Five Insane Clickbait Tricks you DIDN’T KNOW

These are ways that sites get people to click their content

Five Insane Clickbait Tricks you DIDN’T KNOW

Clickbait has gotten you to click on something at least once, whether it was a list of “dangerous plants” or those 5 Minute Crafts videos with the very weird, unusual thumbnails, there are a lot of tricks that sites, online shopping, and top 10 Youtube channels do to get you to click on their content. This is an informative article on all the mind tricks that videos from large companies, ads for obscure products, and all the things in between will use to get you to look at their content.

Who uses clickbait? Mostly, this strategy is used by companies. On Youtube, these “content farms” are run by companies hoping to get views. The main game of many of these companies is to recycle and regurgitate old content and slap a new thumbnail and title on them.

Exaggeration is one of the best ways to get people to click on your content. Saying “10 Cool things you can do with plastic” will get a few clicks, but just adding “10 Insane plastic Life-Hacks” will probably get more people, due to the very subtle hint that these are better than the rest, or more “cool” or surprising. Even though most of it is not, it gets people to click on their content, and in the mind of someone making clickbait, if they click on it, it’s working (even if it means using long-dead memes).

The thumbnail does a lot too. Ever wonder why those 5 Minute Crafts videos always have very weird thumbnails, and others show fake images relating to their topic, just to get clicks? Its to get you to see if the image on the thumbnail is real or not real. It’s obviously not real most of the time. Thumbnails don’t even have to be relating to your topic to get clicks, and it’s those that often attract more viewers, in fact.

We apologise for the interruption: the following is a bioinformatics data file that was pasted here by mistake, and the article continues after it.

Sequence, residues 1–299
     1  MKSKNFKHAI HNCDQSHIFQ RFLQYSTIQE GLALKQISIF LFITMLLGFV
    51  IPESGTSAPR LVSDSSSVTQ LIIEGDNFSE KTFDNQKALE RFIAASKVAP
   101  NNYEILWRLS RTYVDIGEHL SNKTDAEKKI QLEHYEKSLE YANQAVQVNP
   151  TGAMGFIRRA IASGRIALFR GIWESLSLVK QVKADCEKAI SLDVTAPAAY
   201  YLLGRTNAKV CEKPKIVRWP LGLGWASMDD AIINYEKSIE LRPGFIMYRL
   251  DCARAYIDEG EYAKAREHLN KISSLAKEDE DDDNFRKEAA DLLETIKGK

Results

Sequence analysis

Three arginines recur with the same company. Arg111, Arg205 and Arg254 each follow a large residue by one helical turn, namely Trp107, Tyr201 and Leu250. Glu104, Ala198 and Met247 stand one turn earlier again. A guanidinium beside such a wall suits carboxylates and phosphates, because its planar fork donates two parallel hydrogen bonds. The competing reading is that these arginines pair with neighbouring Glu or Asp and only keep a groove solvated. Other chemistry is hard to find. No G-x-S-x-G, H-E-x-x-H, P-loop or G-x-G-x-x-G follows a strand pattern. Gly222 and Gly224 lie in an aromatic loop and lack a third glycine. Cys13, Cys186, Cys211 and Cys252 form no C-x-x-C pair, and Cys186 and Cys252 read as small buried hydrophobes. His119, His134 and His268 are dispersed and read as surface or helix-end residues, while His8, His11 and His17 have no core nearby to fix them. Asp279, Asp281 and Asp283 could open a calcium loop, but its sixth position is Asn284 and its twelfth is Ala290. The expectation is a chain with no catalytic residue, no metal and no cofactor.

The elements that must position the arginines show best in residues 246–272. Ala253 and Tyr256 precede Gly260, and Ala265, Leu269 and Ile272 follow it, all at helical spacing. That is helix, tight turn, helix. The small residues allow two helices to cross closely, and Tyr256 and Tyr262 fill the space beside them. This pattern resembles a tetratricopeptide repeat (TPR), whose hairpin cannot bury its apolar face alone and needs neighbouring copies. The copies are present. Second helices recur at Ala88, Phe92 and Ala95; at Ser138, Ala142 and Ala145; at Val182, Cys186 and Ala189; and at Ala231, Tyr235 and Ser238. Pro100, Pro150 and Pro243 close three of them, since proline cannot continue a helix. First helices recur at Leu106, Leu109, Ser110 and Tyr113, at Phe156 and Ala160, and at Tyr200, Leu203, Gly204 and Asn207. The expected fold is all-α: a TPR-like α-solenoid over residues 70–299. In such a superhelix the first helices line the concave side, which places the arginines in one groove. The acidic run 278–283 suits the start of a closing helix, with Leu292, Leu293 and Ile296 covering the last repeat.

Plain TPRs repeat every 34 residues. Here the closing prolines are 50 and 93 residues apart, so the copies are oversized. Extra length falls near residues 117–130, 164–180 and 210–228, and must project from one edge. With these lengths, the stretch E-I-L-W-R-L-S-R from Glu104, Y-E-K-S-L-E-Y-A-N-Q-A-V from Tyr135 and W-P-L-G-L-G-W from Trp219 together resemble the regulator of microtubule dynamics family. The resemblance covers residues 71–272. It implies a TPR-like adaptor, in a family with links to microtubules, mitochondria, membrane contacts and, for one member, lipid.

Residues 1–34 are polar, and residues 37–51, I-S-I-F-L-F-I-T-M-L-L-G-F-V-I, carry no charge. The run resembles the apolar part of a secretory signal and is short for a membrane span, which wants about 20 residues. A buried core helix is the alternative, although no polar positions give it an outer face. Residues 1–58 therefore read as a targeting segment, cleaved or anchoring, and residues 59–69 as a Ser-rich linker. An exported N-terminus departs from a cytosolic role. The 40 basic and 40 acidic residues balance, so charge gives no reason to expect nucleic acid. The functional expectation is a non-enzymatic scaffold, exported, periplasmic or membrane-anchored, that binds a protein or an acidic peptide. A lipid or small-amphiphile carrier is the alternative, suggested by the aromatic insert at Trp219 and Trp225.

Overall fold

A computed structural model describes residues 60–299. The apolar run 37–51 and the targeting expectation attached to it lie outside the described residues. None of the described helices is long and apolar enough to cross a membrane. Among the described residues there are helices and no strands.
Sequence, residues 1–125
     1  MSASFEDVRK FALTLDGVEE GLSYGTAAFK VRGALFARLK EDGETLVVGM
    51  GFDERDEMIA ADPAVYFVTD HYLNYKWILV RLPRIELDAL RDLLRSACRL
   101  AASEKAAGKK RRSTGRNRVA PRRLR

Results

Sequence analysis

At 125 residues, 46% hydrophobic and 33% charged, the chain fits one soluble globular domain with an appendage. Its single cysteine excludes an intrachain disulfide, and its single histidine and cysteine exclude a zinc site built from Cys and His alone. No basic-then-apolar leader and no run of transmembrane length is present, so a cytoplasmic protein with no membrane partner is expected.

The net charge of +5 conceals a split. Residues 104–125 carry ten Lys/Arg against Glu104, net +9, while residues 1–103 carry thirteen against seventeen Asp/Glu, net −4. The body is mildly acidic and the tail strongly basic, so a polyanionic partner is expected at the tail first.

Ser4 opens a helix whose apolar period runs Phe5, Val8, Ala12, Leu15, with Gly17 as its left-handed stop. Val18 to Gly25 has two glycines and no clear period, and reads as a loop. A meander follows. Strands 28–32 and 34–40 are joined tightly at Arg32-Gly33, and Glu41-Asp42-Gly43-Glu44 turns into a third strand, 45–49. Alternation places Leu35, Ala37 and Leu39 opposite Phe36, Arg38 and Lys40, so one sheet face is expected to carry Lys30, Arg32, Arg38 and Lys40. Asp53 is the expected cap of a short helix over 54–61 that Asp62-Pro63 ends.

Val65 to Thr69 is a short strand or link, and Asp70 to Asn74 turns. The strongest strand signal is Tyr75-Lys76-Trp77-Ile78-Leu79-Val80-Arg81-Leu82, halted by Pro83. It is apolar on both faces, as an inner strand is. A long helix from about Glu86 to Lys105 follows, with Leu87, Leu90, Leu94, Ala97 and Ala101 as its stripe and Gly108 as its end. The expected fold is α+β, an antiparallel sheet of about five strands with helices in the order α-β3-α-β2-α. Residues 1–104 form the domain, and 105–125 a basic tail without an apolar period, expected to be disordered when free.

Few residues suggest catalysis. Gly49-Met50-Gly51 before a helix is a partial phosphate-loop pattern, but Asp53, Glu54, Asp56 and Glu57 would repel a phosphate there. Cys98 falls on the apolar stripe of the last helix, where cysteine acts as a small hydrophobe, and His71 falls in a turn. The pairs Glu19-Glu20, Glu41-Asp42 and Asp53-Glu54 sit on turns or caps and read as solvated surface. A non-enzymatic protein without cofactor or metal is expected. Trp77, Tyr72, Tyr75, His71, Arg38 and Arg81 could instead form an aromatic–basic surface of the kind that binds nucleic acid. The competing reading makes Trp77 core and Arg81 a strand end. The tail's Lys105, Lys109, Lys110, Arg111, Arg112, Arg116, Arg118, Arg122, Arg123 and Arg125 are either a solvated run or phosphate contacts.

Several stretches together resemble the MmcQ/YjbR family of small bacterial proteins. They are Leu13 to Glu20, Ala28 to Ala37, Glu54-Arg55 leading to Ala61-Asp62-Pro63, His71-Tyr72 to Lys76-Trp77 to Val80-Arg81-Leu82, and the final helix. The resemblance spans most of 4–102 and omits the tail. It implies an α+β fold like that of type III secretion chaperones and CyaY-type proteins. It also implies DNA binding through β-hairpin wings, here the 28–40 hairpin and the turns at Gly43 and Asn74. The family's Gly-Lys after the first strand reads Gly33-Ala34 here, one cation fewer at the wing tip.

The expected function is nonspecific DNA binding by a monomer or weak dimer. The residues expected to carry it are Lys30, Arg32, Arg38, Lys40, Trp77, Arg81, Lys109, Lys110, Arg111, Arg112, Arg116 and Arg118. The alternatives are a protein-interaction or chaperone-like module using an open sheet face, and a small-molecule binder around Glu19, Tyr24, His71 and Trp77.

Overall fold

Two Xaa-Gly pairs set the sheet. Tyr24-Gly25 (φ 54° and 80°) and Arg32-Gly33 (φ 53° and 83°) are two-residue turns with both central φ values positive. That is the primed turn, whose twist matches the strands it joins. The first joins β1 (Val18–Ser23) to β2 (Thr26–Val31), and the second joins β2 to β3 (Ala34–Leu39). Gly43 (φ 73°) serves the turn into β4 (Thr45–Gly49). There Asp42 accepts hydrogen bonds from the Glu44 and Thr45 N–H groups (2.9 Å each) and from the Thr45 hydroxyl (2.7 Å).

Do you want to know a clickbait trick you didn’t know? Add “you didn’t know” after all your titles. For example, “10 cool magic tricks” would get more views as “10 cool magic tricks you didn’t know” for one reason. Most people want to know things, so if they see a list of things they didn’t know, they will probably be more likely to click on it.

Lists are a good way to get people to view content because it offers more than what most videos would explain. A video describing one cool magic trick will get fewer clicks than one describing ten in the same amount of time because the thumbnail of the first one hides nothing. This goes along with the “didn’t know” principle, where the viewer wants to see something they didn’t know. Plus, some sites combine both of these strategies.

Most of us know about  “Free V-Bucks” or its far older counterpart “Free Robux”. These are malicious sites that seem like they will give you money for their corresponding game, but they will do the opposite. Now, the Free V-Bucks people are trying to adapt, posting videos with people using the site, proving it “works”. “Free V-Bucks NO SCAM” will fool a few people into clicking on it, just from it trying to differentiate from other Fortnite scams. The clickbait version of the V-Buck scam is just saying “Not clickbait” at the end. Its a kind of old-fashioned tactic, when the word clickbait was first being used, channels and sites wanted to point out that their clickbait wasn’t clickbait.

I have a theory. This may or may not be true, but my theory of “natural clickbait” is as follows. If you follow a site, paper, or channel, seeing a new video under their name will be more effective than the strategies listed here, because you know what their content is. It works on me, and this theory seems logical. “Natural clickbait” should work on others too.

This article was created so that people can learn to spot clickbait tricks and avoid clicking on them. This doesn’t mean all videos marked with “top 10” or all the article titles ending in “you didn’t know” are bait, but the chances are that it’s just another trick to get you to click on their page.